Because “sanctuary cities” violate federal law and endanger their own citizens, they should not be eligible for federal funding. Using state licenses to reward people in the country illegally is an affront to the rule of law and must be halted. In light of both current needs and historic practice, we urge the reform of our guest worker programs to eliminate fraud, improve efficiency and ensure they serve the national interest.

In light of the alarming levels of unemployment and underemployment in this country, it is indefensible to continue offering lawful permanent residence to more than one million foreign nationals every year. The Supreme Court has correctly recognized that states have the constitutional authority to take steps to reduce illegal immigration. We condemn the Obama Administration’s lawsuits against states that are seeking to reinforce federal law. We support the right of the states to enact laws deterring illegal aliens from residing within their states.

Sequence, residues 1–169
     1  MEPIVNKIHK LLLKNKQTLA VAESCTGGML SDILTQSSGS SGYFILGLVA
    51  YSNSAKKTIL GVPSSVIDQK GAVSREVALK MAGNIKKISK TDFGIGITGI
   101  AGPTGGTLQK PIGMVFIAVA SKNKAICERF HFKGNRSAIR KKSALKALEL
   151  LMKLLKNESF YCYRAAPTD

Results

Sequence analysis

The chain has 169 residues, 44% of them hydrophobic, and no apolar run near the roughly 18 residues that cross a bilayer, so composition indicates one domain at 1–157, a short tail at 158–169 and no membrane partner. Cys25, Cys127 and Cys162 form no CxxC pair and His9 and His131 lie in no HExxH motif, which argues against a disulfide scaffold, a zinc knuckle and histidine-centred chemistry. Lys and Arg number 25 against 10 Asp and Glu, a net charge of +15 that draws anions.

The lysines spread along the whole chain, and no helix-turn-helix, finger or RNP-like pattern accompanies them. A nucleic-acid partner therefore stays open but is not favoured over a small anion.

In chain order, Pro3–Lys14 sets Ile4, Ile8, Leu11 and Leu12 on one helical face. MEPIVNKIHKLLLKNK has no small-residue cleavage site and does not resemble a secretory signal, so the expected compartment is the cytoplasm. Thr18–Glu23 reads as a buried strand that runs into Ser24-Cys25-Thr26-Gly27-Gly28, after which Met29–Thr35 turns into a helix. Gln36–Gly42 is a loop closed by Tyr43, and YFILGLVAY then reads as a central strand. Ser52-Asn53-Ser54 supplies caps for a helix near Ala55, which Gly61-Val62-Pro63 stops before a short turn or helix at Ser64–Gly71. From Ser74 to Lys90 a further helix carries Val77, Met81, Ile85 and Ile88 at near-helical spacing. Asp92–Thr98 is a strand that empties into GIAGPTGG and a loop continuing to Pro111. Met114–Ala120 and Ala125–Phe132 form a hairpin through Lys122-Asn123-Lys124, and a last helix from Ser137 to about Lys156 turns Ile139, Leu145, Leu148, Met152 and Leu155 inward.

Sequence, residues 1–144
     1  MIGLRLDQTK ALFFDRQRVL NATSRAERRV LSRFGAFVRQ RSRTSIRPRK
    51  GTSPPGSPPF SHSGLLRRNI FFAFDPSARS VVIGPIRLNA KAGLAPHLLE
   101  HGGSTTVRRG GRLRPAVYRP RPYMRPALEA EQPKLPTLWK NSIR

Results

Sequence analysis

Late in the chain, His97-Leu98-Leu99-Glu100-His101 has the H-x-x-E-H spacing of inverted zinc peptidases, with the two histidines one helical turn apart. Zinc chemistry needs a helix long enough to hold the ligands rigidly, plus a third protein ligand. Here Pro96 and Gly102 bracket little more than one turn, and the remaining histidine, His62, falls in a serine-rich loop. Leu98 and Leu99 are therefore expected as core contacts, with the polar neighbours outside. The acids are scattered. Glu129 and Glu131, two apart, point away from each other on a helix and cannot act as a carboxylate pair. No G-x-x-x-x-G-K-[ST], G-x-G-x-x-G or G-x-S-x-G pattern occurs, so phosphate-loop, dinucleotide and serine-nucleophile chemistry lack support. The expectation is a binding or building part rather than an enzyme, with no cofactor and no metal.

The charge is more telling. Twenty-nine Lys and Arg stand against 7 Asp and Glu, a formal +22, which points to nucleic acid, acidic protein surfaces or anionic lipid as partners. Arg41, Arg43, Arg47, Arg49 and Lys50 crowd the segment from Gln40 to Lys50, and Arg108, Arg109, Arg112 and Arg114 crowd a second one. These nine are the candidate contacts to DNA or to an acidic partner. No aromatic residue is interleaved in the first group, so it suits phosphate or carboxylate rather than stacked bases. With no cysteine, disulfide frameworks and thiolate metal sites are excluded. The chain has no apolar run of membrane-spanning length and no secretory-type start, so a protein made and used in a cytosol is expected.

From its beginning, our country has been a haven of refuge and asylum. That should continue — but with major changes. Asylum should be limited to cases of political, ethnic or religious persecution. As the Director of the FBI has noted, it is not possible to vet fully all potential refugees. To ensure our national security, refugees who cannot be carefully vetted cannot be admitted to the country, especially those whose homelands have been the breeding grounds for terrorism.

An excerpt from the section “Confronting the Dangers”:

While immigration is addressed in more detail elsewhere, we cannot ignore the reality that border security is a national security issue, and that our nation’s immigration and refugee policies are placing Americans at risk. To keep our people safe, we must secure our borders, enforce our immigration laws, and properly screen refugees and other immigrants entering from any country. In particular we must apply special scrutiny to those foreign nationals seeking to enter the United States from terror-sponsoring countries or from regions associated with Islamic terrorism. This was done successfully after September 11, 2001, under the National Security Entry-Exit Registration System, which should be renewed now.

An excerpt from the section “The Tenth Amendment: Federalism as the Foundation of Personal Liberty”: